"It shows that if you live long enough, anything can happen."

So quoth John McCain last week upon receiving the most unlikely of citations: "Team Player of the Week" from the National Republican Senatorial Committee. For the senator from Arizona, a frequent antagonist of President Bush and the party hierarchy, it was about as sensible as giving Kim Jong Il the Nobel Peace Prize.

The NRSC's chairman, Sen. George Allen (Va.), a former University of Virginia quarterback, presented McCain with an official "game ball" football for his troubles, Roll Call reported.

True, McCain has been campaigning for Bush and GOP candidates. And he was on his best behavior in his prime-time address during the Republican National Convention. But the day after receiving the game ball, he rushed onto the Senate floor to blast a Republican tax cut bill, saying: "We're hurting our children, our grandchildren, and who knows how many future generations of Americans. . . . We're tying a millstone of debt around their necks, and it is a grave mistake."

Team player that he is, McCain voted for the tax cut anyway.

Other vanquished Republican presidential candidates of 2000 have also become team players this year. Gary Bauer, the religious conservative who waged an unsuccessful challenge to Bush in the 2000 GOP primary before endorsing McCain, has created an independent political committee to attack Democratic Sen. John F. Kerry (Mass.) in television ads to run in Michigan and Pennsylvania. Americans United to Preserve Marriage will spend $500,000 on commercials branding Kerry a "liberal."

And Sen. Orrin G. Hatch (R-Utah) took it upon himself to give a speech on the Senate floor Friday taking the hatchet to Joe Lockhart, a Kerry adviser. Hatch was angry that Lockhart has suggested that Iraqi Prime Minister Ayad Allawi is a "puppet" of the United States. "When you undermine our principal ally in a war against terror and tyranny, you are undermining our cause," Hatch said, furthering a GOP line that Kerry has been aiding the enemy.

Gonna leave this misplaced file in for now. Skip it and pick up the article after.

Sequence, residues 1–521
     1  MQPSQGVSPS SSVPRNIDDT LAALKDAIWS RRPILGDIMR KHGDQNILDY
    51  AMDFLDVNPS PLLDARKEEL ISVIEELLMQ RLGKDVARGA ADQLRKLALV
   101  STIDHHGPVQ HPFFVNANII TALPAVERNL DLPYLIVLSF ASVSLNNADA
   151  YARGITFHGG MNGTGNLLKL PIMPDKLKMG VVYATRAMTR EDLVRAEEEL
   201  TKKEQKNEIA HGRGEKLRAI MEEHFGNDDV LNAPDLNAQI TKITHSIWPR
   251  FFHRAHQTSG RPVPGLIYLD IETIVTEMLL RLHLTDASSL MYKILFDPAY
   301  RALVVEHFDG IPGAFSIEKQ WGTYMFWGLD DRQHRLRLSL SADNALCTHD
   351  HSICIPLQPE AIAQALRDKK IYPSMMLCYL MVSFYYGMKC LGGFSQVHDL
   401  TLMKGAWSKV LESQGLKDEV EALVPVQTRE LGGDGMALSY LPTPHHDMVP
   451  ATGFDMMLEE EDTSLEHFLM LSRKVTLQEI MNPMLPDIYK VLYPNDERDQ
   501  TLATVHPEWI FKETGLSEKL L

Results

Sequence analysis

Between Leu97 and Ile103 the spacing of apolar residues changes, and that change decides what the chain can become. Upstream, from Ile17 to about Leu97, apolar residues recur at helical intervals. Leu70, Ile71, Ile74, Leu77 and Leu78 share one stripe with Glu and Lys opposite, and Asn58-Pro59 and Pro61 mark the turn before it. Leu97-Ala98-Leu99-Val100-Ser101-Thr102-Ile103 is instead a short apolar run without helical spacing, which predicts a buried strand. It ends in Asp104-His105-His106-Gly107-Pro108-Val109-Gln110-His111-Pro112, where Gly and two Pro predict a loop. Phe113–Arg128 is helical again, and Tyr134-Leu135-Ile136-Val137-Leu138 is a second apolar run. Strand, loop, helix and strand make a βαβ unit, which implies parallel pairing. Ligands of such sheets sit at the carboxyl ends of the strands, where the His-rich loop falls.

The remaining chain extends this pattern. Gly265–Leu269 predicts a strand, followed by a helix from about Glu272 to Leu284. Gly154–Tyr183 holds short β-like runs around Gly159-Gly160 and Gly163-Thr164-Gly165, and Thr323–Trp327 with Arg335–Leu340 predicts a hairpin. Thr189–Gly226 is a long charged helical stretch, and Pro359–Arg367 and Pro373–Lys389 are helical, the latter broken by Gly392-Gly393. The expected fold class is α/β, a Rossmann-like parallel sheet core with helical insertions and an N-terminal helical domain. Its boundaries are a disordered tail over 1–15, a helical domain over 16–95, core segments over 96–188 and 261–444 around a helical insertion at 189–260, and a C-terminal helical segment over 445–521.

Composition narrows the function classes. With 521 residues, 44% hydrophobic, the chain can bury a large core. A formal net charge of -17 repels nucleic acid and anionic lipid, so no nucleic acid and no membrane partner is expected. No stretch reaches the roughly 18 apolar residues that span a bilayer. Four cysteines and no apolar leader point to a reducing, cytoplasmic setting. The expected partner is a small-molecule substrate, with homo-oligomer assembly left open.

Missing: 983,000 Tax Pages

Looks as though President Bush is due for an audit of his tax code facts. "The tax code is a complicated mess," he said in Bangor, Maine, on Thursday. "You realize, it's a million pages long." Most Americans probably did not realize it was that long, because it is not. It is, in fact, 17,000 pages long, according to such experts as the conservative Heritage Foundation and Rep. Jim DeMint (R-S.C.). That's still pretty messy, but only one-fiftieth as messy as Bush asserts.

The Anchor as Punching Bag

And you thought Osama bin Laden was scary.

In Texas, a Republican House candidate has found a new villain: CBS News's Dan Rather. The anchor's visage pops up in a negative ad in his home state, where Republican Louie Gohmert is trying to unseat Rep. Max Sandlin (D).

"Seen Max Sandlin's negative ads? They've got more holes than a CBS News story by Dan Rather," says the spot for Gohmert. On the screen is a headline about the "60 Minutes" story on Bush and the National Guard that produced a Rather apology last week over documents that the network could not authenticate. The ad hits Sandlin's allegedly "liberal" record, saying: "No wonder he supports John Kerry."

"It's a juvenile effort making an invalid comparison that a lot of people won't get, and those who do won't care," said Bill Brannon, Sandlin's campaign manager. But Gohmert spokesman Keats Norfleet calls the ad a "humorous" way of punching back now that "Mr. Rather's questionable reporting regarding President Bush has become a topic for late-night talk shows."

Another Political Football

Just when you thought the 2004 campaign could not get any stranger . . .

The Republican National Committee has acknowledged that it sent mailings in West Virginia and Arkansas warning that Democrats want to ban the Bible. The Arkansas mailing, about same-sex marriage, shows a Bible with the label "Banned" and the warning: "This will be Arkansas if you don't vote." The RNC has also set up Web sites KerryWrongForCatholics.com and KerryWrongForMormons.com.

Meantime, the Hill newspaper reported last week, a Republican lobbying firm, DCI, whose clients include the pharmaceuticals industry, is offering a $4,000 bounty to health care consultants who find senior citizens "willing to speak out in favor of the Medicare drug discount card and write letters to Congress thanking members for saving them money on pharmaceuticals."

Democrats Meet the Silencers

Maybe it's bioterrorism. Democratic presidential nominee Kerry canceled events Thursday in Ohio and Iowa so he could recover from a cold that was causing his voice to sound scratchy. He was replaced at the Iowa event by his running mate, Sen. John Edwards (N.C.). That would be the same John Edwards who had to rest his voice before his convention acceptance speech because of a sore throat. And for Kerry, the problem seems to be somewhat chronic. The candidate frequently complained of allergies and what he called "a chest thing" that dogged him through the primaries. He had to limit speaking at times and sip lemon tea.

Haven't these guys heard of Vitamin C?

Staff writer Howard Kurtz contributed to this report.

Sen. John McCain (R-Ariz.) was declared "Team Player of the Week" by the Republican senatorial committee and was handed a game ball for his efforts.